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I want to itterate over an indexed property that I only have access to via reflection,

but ( and I say this in the full knowledge that there's probably an embarrassingly simple answer, MSDN/Google fail =/ ) I cannot find/think of a way besides incrementing a counter over the PropertyInfo.GetValue(prop, counter) until the TargetInvocationException is thrown.

ala:

foreach ( PropertyInfo prop in obj.GetType().GetProperties() )
{
    if ( prop.GetIndexParameters().Length > 0 )
    {
        // get an integer count value, by incrementing a counter until the exception is thrown
        int count = 0;
        while ( true )
        {
            try
            {
                prop.GetValue( obj, new object[] { count } );
                count++;
            }
            catch ( TargetInvocationException ) { break; }
        }

        for ( int i = 0; i < count; i++ )
        {
            // process the items value
            process( prop.GetValue( obj, new object[] { i } ) );
        }
    }
}

now, there are some issues with this... very ugly.. solution..

what if it's multi-dimensional or not indexed by integers for example...

heres the test code I'm using to try and get it working if anyone needs it. If anyone's interested I'm making a custom caching system and .Equals doesn't cut it.

    static void Main()
    {
        object str = new String( ( "Hello, World" ).ToArray() );

        process( str );

        Console.ReadKey();
    }

    static void process( object obj )
    {
        Type type = obj.GetType();

        PropertyInfo[] properties = type.GetProperties();

        // if this obj has sub properties, apply this process to those rather than this.
        if ( properties.Length > 0 )
        {
            foreach ( PropertyInfo prop in properties )
            {
                // if it's an indexed type, run for each
                if ( prop.GetIndexParameters().Length > 0 )
                {
                    // get an integer count value
                    // issues, what if it's not an integer index (Dictionary?), what if it's multi-dimensional?
                    // just need to be able to iterate through each value in the indexed property
                    int count = 0;
                    while ( true )
                    {
                        try
                        {
                            prop.GetValue( obj, new object[] { count } );
                            count++;
                        }
                        catch ( TargetInvocationException ) { break; }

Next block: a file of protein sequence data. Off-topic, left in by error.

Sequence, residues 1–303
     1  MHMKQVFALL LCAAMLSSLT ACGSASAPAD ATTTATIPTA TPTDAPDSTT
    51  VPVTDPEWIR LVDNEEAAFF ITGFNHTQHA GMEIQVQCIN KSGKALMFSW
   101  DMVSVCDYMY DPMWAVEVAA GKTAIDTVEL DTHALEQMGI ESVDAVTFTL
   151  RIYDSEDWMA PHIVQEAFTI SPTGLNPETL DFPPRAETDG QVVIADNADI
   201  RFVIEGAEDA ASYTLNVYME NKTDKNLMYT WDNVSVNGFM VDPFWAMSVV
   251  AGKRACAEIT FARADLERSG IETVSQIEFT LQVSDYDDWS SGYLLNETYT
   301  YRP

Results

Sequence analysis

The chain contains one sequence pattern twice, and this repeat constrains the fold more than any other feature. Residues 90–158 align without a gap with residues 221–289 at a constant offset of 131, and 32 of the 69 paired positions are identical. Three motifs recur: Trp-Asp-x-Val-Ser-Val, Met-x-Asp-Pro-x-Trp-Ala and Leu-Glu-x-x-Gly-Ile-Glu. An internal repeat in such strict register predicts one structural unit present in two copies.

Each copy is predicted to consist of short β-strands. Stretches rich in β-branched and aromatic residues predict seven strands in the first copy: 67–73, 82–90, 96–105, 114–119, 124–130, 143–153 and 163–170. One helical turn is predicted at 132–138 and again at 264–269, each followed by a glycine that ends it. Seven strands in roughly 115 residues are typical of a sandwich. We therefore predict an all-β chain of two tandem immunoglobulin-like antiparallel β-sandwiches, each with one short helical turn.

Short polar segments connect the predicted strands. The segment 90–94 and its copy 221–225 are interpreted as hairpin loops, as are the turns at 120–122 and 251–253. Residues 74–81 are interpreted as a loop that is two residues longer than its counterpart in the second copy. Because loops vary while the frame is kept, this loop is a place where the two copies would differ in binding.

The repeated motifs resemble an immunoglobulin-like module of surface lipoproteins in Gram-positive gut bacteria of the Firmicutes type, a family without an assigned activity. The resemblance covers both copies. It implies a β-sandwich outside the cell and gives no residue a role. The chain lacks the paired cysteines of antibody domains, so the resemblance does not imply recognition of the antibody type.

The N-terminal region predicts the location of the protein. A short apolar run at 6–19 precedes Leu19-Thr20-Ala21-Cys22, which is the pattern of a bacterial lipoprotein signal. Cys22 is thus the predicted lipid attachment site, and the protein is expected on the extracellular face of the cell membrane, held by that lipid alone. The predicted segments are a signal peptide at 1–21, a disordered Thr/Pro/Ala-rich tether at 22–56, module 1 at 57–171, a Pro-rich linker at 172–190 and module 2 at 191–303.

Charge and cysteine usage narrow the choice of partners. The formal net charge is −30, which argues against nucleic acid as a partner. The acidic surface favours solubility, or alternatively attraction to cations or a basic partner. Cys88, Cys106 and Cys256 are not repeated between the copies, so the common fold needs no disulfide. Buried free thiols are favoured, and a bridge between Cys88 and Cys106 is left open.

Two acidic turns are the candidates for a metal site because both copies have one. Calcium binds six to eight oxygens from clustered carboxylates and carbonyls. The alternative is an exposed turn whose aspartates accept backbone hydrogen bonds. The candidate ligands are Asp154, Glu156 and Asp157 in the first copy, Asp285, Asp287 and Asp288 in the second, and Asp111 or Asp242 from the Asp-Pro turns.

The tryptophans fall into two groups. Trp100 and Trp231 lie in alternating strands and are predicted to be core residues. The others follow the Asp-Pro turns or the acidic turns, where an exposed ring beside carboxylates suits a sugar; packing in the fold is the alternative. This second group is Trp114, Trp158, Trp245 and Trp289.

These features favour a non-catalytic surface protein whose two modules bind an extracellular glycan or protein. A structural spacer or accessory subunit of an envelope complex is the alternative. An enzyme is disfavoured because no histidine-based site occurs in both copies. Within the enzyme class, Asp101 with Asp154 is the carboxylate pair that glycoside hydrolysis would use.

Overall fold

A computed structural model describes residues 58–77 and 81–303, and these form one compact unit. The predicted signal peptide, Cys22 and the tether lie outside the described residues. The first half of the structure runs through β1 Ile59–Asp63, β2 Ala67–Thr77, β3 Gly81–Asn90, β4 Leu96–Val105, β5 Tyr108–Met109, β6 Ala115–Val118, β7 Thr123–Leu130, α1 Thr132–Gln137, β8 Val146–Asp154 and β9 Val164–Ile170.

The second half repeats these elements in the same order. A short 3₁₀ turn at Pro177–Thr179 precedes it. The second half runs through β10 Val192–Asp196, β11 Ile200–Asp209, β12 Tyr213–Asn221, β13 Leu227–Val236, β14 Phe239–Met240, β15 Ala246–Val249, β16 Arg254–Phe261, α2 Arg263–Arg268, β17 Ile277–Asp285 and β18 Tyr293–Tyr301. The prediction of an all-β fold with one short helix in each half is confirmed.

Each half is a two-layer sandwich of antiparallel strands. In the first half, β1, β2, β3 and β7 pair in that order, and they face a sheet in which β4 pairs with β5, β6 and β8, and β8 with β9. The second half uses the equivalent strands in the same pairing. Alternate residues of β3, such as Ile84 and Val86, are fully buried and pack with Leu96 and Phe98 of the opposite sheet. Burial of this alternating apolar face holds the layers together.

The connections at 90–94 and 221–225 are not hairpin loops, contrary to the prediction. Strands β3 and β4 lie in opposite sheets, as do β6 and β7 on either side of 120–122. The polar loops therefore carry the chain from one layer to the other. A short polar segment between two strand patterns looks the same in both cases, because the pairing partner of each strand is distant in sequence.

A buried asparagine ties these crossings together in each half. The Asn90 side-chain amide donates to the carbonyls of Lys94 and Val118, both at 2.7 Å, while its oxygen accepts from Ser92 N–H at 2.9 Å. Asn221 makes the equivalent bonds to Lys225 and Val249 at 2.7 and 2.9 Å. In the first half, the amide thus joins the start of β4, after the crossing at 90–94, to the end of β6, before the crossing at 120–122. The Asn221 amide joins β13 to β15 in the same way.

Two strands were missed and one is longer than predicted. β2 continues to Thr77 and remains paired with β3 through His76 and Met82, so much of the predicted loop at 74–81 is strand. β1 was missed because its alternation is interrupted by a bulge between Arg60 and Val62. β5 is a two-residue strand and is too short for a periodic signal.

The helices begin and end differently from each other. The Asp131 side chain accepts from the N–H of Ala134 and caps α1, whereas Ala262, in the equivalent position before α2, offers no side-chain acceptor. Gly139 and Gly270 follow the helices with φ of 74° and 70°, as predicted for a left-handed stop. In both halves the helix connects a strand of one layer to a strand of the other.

}

                    for ( int i = 0; i < count; i++ )
                    {
                        process( prop.GetValue( obj, new object[] { i } ) );
                    }
                }
                else
                {
                    // is normal type so.
                    process( prop.GetValue( obj, null ) );
                }
            }
        }
        else
        {
            // process to be applied to each property
            Console.WriteLine( "Property Value: {0}", obj.ToString() );
        }
    }
share|improve this question
    
What's the purpose of object str = new String(("Hello, World").ToArray())? –  Danny Chen Nov 24 '10 at 15:24
    
just an example variable to pass to my function... was trying out the different ways of defining a string/String and left it on a bit of an awkward one... object str = "Hello, World!"; works just as well. –  Dead.Rabit Nov 24 '10 at 15:35

6 Answers 6

up vote 6 down vote accepted

The getter of an indexer is just like normal method, except it takes square brackets, not round ones. You wouldn't expect to be able to automatically determine the range of acceptable values for a method, so it's not feasible for an indexer.

share|improve this answer
    
A workaround is to use reflection to find a member property called Length or Count and use that as the upperbound for integer-indexed properties, or a property called Keys for a string-indexed property. –  Dai Sep 5 '12 at 1:18

Indexers will be compiled to methods. Here is an example:

class IndexedData
{ 
    public double this[int index]
    {
        get { return (double)index; }
    }
}

It will be compiled to something like this:

public double get_Item(int index)
{
    return (double)index;
}

The following code can't be compiled because there are two double get_Item(int) methods in the class. Indexer is a magic of the compiler.

class IndexedData
{ 
    public double this[int index]
    {
        get { return (double)index; }
    }

    public double get_Item(int index)
    {
        return 1d;
    }
}
share|improve this answer
    
rather to iterate through the indexed values. string is already an indexed parameter of type char... so I wanted to do: foreach(char c in str) Console.write(c);, only with reflection.. –  Dead.Rabit Nov 24 '10 at 17:18
    
@Dead.Rabit: See my edit. I think it will help you understand the indexer. –  Danny Chen Nov 24 '10 at 17:53

Having sequential index numbers in an indexed property is nothing you can bet on.
Indexed properties are not arrays.
Counter example:

Dictionary<int, bool> dictionary = new Dictionary<int, bool>();
dictionary[1] = true;
dictionary[5] = false;

Depending on the type you usually have other methods to get the possible index values, in this case dictionary.Keys. If it possible with your types I would try in this order

  1. Implement IEnumerable<T> for the type itself.
  2. If you have several indexed properties you can implement a corresponding IEnumerable<T> property for each indexed property.